{Edit, with an apology for not making this clear earlier}In return nVidia got the right to design, manufacture, and market motherboards based on the newer Intel chipsets and sockets. But in the end, that didn't matter since {/Edit} a little after this, nVidia gave up on making motherboards and chipsets altogether and closed/sold off that arm of their business.


...and there you have it. Intel based motherboards can offer both sets of technology, provided the board's maker pays nVidia for the right to use "SLI". AMD motherboards obviously come with the right to use Crossfire, and some of the makers choose to pay nVidia for SLI rights as well.
a b V Motherboard
July 22, 2010 6:30:40 PM

That was quite an interesting info! Thanks! :) 

So you mean to say that if i bought a Crossfire motherboard, i wont be able to make an SLI setup in future with that board and vice-versa???

That is quite strange!!! I have to decide what setup i want even before i buy a motherboard! :( 
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a b V Motherboard
July 22, 2010 6:44:40 PM

hell_storm2004 said:
...So you mean to say that if i bought a Crossfire motherboard, i wont be able to make an SLI setup in future with that board and vice-versa???




It depends: My current Mobo is a high end EVGA x58. It can run either Crossfire or SLI. And I can switch, should I choose to do so. My setup is running an ATi card, though EVGA make nVidia GPUs. It just worked out that the ATi card was superior at the time I made my purchase.


Quote:
That is quite strange!!! I have to decide what setup i want even before i buy a motherboard! :( 


Correct: Best to decide before buying. Always!! Though, as a matter of my personal opinion, I do prefer solutions involving a single powerful card, rather than multiples. So I only consider SLI or Crossfire in the sense that "..when the machine gets old, it's possible to add a second card if I choose to do that..."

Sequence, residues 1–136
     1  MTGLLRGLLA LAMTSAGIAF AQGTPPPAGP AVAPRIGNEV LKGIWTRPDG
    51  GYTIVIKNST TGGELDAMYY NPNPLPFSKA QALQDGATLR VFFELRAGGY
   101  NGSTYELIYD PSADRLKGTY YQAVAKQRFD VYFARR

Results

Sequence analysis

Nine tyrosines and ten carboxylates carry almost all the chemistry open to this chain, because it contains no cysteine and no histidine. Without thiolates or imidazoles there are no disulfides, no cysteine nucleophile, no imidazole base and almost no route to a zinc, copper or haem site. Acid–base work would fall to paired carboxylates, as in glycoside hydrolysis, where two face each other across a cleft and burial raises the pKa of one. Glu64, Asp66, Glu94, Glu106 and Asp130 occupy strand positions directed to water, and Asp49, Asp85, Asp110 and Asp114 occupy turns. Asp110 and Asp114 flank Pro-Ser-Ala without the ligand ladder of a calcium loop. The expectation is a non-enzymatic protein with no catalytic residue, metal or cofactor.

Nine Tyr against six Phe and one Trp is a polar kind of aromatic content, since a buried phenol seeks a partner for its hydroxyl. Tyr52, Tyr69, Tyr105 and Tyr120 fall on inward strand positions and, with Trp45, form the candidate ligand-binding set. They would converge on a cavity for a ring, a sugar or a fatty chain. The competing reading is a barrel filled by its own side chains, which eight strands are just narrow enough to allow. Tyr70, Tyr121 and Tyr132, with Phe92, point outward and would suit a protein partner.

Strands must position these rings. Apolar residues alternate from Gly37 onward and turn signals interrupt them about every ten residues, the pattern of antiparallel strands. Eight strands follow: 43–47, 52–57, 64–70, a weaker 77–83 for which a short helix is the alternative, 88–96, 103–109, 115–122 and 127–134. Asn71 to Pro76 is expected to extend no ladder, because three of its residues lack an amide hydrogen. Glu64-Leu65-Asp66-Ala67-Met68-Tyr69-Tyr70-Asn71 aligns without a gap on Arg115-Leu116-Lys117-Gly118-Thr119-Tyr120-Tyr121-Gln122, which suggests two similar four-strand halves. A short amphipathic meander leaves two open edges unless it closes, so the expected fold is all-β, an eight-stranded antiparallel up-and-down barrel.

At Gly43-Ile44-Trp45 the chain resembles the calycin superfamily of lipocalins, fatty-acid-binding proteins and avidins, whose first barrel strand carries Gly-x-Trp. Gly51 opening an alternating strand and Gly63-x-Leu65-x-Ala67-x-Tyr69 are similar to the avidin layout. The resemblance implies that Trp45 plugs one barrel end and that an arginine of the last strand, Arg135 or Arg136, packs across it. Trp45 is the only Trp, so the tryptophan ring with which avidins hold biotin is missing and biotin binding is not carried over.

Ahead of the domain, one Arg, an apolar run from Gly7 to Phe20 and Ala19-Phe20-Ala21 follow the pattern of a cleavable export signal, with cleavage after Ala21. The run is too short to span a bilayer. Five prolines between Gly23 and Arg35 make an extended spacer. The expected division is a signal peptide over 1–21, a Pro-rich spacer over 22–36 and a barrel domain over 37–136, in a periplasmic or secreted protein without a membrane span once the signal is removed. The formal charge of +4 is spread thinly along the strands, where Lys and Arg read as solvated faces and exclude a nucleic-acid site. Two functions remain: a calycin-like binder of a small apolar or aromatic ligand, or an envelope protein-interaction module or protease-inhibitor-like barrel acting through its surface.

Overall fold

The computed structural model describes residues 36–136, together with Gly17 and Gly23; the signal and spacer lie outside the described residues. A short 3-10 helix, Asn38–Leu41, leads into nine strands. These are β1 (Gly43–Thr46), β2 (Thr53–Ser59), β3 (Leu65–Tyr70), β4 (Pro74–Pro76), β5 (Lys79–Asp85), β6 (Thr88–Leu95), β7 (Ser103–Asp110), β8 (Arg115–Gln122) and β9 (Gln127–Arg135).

a b V Motherboard
July 22, 2010 6:46:21 PM

Wow great post there Scotteq. I did not know that much.

What I do know is that, in my understanding (which seems to correspond with what Scotteq said), all motherboards can support Crossfire but only special SLI motherboards can run SLI as, yes, there is indeed little chips in the SLI boards.
a b V Motherboard
July 23, 2010 7:45:03 AM

Ok. So i have a Asus P5Q Pro. Can i have a SLI on that board???
a b V Motherboard
July 23, 2010 8:39:18 AM

Wow!!! Wonderful guide!!

Now for some stupid question...

What if i install two nVidia GPU in P5Q Pro? Would it blow up??? :D 

And can i do a CF on a SLI ready mobo? Or is CF blocked on those mobo's.
a b V Motherboard
July 23, 2010 9:04:59 AM

Well if you follow the guide it should work.

You can do CFX on a SLI mobo if the mobo supports CFX as well, otherwise I'm pretty sure you cannot CFX in a SLI only motherboard.
a b V Motherboard
July 23, 2010 9:07:42 AM

Ok. Thought so. nVidia wont be so nice to allow crossfire on their boards.

And without the patch would it blow up?
a b V Motherboard
July 23, 2010 9:28:40 AM

It wouldn't blow up so to speak, but just not work.
a b V Motherboard
July 23, 2010 9:50:19 AM

Ok thanks all for clearing the doubts. I wish i could select two best answers for this. :( 
a b V Motherboard
July 23, 2010 2:20:28 PM

I thought CF works on any mobo since it doesn't require special components on the mobo itself.

However, to be safe it would be smart to get one which advertises CF and SLI
!